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La La Land

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La La Land

Image credit: La La Land, 2016

There are some things in life that you just never get over. Your first birds-and-bees talk. The cancellation of My So-Called Life after only one season. And new in 2017- the snub heard round the world, La La Land losing the Academy Award for Best Picture. Faye and Warren tried to cover for the Academy’s oversight, to no avail. It was too late. Somebody put Moonlight on that card and dashed the hopes of all the fools who dream. A year and a half later, I’m still not over it. Time to drink.

To say I love La La Land (DVD/Download) would be a gross understatement. This film encompasses everything I adore about classic movie musicals, a period of cinema when actors (not necessarily singers) were cast in these roles, and directors cared about things like mise en scene and appropriate song transitions. In using Los Angeles as a backdrop for the story of two struggling artists falling in love and struggling to make it in Hollywood, La La Land is able to take advantage of classic movie backdrops we all know and love. The Griffith Observatory; the Sunset Strip; a swanky home in the Hollywood Hills- all become touchstones within this saturated ode to moving pictures. Ryan Gosling and Emma Stone make me laugh and cry with their performances, but it’s Los Angeles that makes me dream.

As a struggling jazz musician, Ryan Gosling spends a lot of time in windowless underground martini bars. Bonjour, heaven!  I love the cocktail culture that goes hand-in-hand with this music, so this week I’m using a recipe from one of my new favorite books, Booze & Vinyl by André and Tenaya Darlington.  Their cocktail accompaniment for Miles Davis’ Kind of Blue, this martini-relative also pairs well with “City of Stars”.  While watching La La Land, I recommend drinking a Martinez.

Martinez

2 oz Old Tom Gin

1 oz sweet vermouth

1 tsp Maraschino liqueur

2 dashes orange bitters

Lemon twist, for garnish

Combine ingredients in a shaker with ice, and stir until combined.  Strain into a chilled cocktail glass and garnish with a lemon twist.

Martinez

I think La La Land means so much to me because I really see myself in these characters.   Like them, I have dreams that have yet to be realized.  And even when that door seems like it’ll never open, and my fist gets sore from banging on it with all my strength, I still have to smile and say I’d do it all again. Because that’s what dreamers do. Cheers!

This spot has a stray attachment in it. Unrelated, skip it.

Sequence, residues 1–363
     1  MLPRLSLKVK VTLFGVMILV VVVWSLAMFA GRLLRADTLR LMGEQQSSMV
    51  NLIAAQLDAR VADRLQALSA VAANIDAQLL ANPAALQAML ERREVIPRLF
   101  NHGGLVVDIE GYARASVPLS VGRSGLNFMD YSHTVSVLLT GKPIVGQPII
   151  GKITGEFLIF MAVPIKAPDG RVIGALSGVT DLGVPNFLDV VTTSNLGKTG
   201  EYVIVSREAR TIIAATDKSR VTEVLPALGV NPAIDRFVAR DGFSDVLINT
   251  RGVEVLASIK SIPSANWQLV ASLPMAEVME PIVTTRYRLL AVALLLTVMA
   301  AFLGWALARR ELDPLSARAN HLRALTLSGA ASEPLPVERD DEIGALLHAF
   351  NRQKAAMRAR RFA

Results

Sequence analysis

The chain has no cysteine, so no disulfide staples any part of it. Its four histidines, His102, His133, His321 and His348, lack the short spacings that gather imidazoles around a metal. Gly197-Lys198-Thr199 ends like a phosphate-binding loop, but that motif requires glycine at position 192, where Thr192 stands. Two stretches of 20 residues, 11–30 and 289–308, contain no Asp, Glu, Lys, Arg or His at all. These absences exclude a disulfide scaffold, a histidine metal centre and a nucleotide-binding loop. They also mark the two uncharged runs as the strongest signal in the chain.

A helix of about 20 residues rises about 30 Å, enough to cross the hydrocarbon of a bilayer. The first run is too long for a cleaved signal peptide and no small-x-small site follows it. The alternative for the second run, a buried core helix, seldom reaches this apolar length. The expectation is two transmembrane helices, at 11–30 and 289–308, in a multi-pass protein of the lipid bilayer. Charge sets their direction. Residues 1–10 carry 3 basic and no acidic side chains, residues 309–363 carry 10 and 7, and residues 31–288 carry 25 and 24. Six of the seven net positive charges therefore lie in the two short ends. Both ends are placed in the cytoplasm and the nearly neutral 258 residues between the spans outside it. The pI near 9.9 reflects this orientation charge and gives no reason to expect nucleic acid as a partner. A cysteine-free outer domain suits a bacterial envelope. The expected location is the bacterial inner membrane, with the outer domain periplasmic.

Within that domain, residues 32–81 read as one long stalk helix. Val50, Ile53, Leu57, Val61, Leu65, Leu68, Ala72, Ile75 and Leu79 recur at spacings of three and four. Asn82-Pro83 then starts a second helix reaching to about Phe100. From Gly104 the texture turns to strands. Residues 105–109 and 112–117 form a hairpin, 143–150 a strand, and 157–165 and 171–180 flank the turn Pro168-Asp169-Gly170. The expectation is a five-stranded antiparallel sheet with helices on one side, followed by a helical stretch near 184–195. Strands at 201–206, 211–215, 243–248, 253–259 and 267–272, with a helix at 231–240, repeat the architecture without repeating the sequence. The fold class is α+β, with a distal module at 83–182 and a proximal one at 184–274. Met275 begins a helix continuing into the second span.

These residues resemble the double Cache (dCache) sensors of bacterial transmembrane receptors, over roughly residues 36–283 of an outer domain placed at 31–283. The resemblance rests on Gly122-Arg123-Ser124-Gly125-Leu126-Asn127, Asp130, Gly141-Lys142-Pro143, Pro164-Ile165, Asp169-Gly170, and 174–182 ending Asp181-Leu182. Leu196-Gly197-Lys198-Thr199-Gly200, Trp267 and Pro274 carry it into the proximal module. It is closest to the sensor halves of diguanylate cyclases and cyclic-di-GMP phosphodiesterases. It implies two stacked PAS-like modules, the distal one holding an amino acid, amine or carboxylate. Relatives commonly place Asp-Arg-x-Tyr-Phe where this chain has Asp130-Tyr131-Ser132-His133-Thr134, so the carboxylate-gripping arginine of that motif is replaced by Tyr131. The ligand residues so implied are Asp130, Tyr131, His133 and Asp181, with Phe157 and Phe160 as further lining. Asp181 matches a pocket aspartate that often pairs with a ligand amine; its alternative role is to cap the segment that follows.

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Some Like it Hot

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Image credit MGM 1959

Image credit MGM 1959

What do you get when you cross two burly jazz musicians in drag, a blonde ukulele-playing starlet, a hot water bottle full of whiskey, and a room full of tommy-gun toting gangsters? A heck of a good time, that’s what. This week’s film selection is the 1959 Billy Wilder classic  Some Like it Hot. Set against the backdrop of the roaring 20’s, this film features Jack Lemmon and Tony Curtis as two Chicago jazz musicians down on their luck and on the run from the mob. They hear of a female band in need of new members, so these two bosom buddies trade in their overcoats for dresses and wigs, and hop a train to Florida. On board, they meet Marilyn Monroe’s character Sugar Kane, and the rest of Sweet Sue’s Society Syncopators. These ladies like to party, and pretty soon the drunken shenanigans are off and running.

Probably my favorite scene in the film is one that lends itself well to this week’s cocktail selection. During the train ride down to Florida, Sugar Kane gets the party started in Jack Lemmon (aka Daphne)’s bunk. He provides the whiskey, she chips some ice off an ENORMOUS block (did all trains carry polar ice down to Florida back then?), and pretty soon the rest of the Syncopators have gathered in his bunk with a bottle of Vermouth and a pretty ingenious hot water bottle/cocktail shaker-thing. Manhattans are served in Dixie cups, and someone manages to produce some Saltine crackers (I don’t think I want to know from where). It becomes kind of a naughty sorority party, with Jack Lemmon in the center as the ugliest sorority sister I have ever seen.  Zowie!

While I’m watching this scene, of course all I want is a Manhattan so I can join in the party too. While I’ve typically posted cutesy variations on classic cocktails thus far, this week I’m going with something more traditional since this is such a classic comedic film. This week’s cocktail: The Classic Manhattan.

Classic Manhattan

2 oz Bourbon Whiskey

1 oz Sweet Vermouth

2 dashes Angostura bitters

1 maraschino cherry

Combine the rye, vermouth, and bitters in a mixing glass, fill with ice, and stir until cold. Strain into a chilled glass, garnish with the cherry or orange twist.

classic-manhattan

If you’re like me, one of these is all you need for sipping during the movie. But of course it’s more fun to invite some friends over, make a big batch, and laugh at Tony Curtis’ faux-Cary Grant accent midway through the film together. This is truly a film that encourages celebrating music, friendship, cocktails and womanhood. And if you’re not a woman, well, nobody’s perfect. Cheers!